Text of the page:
This week we'll be discussing the first etude in Andersen's Op. 33 book of technical studies. When I first started working on these, I knew that they were useful and necessary if I wanted to get better at the flute, but I wasn't really sure how to go about working with them other than to play them over and over. While this type of practicing will yield a certain amount of progress, it's not the most efficient way to use etudes.
I've winnowed out four different ways to break down this particular study. Click on each title to download a mini-etude that works on that concept.
Mini-Study No. 1: What happens on the big beats (1, 2, 3, 4).
This is always a good starting point, regardless of the type of etude you're studying. The most important things tend to happen on the downbeat, so start your analysis there. In this etude, singling out the pitches that happen on the downbeats reveals some patterns, but the resulting melody doesn't quite stand alone. It's missing something.
Mini-Study No. 2: Simplifying the neighbor notes.
Neighbor notes tend to be ornamental in nature, and they will look something like the E-F-E configuration below.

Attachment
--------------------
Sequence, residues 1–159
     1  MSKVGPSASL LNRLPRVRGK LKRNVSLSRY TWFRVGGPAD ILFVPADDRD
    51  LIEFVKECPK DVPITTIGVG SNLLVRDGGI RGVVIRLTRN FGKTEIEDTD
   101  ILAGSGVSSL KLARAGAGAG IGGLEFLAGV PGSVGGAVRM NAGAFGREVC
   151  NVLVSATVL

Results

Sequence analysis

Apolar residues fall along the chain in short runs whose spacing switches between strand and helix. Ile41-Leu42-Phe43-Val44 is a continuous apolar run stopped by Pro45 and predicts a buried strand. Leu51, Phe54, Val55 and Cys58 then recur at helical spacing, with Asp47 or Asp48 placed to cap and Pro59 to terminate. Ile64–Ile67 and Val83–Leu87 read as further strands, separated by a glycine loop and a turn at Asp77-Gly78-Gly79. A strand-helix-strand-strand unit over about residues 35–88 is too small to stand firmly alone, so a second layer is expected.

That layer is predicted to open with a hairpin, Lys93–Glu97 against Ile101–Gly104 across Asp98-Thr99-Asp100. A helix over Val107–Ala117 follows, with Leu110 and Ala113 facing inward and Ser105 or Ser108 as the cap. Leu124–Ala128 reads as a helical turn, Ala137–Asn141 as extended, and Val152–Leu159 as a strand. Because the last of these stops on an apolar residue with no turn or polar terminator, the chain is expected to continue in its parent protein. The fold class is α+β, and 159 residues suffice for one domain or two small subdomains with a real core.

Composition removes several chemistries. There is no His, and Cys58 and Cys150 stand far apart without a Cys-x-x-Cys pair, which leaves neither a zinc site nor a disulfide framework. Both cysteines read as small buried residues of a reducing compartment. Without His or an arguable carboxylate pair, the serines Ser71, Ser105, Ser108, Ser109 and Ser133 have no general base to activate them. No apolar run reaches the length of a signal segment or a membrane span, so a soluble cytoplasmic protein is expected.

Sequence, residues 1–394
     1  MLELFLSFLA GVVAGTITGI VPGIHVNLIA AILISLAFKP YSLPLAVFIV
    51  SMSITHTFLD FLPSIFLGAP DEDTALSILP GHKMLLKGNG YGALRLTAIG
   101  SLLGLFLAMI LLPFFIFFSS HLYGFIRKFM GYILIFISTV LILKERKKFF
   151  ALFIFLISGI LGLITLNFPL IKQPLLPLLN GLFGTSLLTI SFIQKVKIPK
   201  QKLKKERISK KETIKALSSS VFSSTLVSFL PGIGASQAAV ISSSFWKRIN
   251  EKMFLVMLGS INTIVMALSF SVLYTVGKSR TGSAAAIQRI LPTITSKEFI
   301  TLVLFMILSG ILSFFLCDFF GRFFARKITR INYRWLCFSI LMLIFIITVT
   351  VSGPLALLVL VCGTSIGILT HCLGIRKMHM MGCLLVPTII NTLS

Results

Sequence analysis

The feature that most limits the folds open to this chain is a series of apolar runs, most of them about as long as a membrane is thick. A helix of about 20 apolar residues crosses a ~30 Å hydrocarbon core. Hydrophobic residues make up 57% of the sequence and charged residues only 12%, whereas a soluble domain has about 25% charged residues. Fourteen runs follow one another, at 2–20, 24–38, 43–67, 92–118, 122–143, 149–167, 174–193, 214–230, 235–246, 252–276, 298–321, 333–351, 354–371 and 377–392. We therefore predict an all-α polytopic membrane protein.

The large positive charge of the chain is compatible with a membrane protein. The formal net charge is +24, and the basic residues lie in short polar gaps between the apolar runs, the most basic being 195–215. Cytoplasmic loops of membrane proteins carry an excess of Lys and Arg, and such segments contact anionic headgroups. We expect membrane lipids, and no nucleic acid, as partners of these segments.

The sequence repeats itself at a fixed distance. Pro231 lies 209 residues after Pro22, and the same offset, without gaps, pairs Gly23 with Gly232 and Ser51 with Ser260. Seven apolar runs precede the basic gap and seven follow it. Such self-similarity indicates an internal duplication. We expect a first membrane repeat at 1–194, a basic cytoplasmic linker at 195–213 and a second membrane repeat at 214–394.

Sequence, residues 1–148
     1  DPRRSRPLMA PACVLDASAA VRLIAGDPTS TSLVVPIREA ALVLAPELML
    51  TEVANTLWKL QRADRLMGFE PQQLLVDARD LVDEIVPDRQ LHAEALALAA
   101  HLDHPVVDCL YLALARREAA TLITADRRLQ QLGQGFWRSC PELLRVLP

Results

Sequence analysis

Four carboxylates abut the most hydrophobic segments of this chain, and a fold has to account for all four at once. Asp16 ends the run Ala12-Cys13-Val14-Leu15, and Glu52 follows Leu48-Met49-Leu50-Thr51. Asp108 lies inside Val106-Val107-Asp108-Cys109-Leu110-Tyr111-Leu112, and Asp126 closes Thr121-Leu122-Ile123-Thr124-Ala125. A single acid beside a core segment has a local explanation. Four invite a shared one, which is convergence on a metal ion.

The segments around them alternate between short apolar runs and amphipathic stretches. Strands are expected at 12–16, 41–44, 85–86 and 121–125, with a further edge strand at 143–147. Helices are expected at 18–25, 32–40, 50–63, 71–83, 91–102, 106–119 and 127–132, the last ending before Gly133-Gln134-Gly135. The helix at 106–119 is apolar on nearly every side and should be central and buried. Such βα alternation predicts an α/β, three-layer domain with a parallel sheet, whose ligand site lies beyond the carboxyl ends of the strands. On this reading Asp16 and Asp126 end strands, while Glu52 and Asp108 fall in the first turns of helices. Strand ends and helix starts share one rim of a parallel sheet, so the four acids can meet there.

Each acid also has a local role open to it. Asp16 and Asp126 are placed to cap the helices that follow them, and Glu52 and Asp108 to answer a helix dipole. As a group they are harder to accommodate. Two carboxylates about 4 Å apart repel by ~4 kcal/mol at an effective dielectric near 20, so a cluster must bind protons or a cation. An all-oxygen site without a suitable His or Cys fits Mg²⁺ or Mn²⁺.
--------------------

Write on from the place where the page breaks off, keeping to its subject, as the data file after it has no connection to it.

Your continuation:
The pitch you start on and return to (in this case, E) is usually the more important one in the figure. When you remove the neighbor notes in Etude No. 1, some standard scales and arpeggios come to light. This analysis could stand on its own as an etude, and would be a good introduction for students who are beginners to technical work.
Mini-Study No. 3: Simplifying the repeated notes.
This is similar to simplifying the neighbor notes, but on a larger scale. If you notice that the same pitch happens on two downbeats in a row, that's probably the most important thing happening. When you remove the repeated notes in this etude, you can see how long the phrases are and that there is a melodic line beneath all the sixteenth note chaos. The melody is rather disjunct (contains large leaps) though.
Mini-Study No. 4: Clarifying the melodic line through octave displacement.
Sometimes shifting pitches up or down an octave can reveal a simpler line. Using octave displacement on select notes creates a flowing melody that should be kept in mind when playing the etude in its original form. In this case, octave displacement is used to smooth out the large leaps found in the melody created in Mini-Study No. 3.
So what do we learn from deconstructing this etude? We find that while the original page is an overwhelming mass of 16th notes, it is based on scale patterns and arpeggios. We also know now that there is a lovely melodic line that flows through the etude; this knowledge will help with phrasing and planning out breaths.
Contact me with any questions you have, and come back next Wednesday for another dose of Deconstructing Andersen!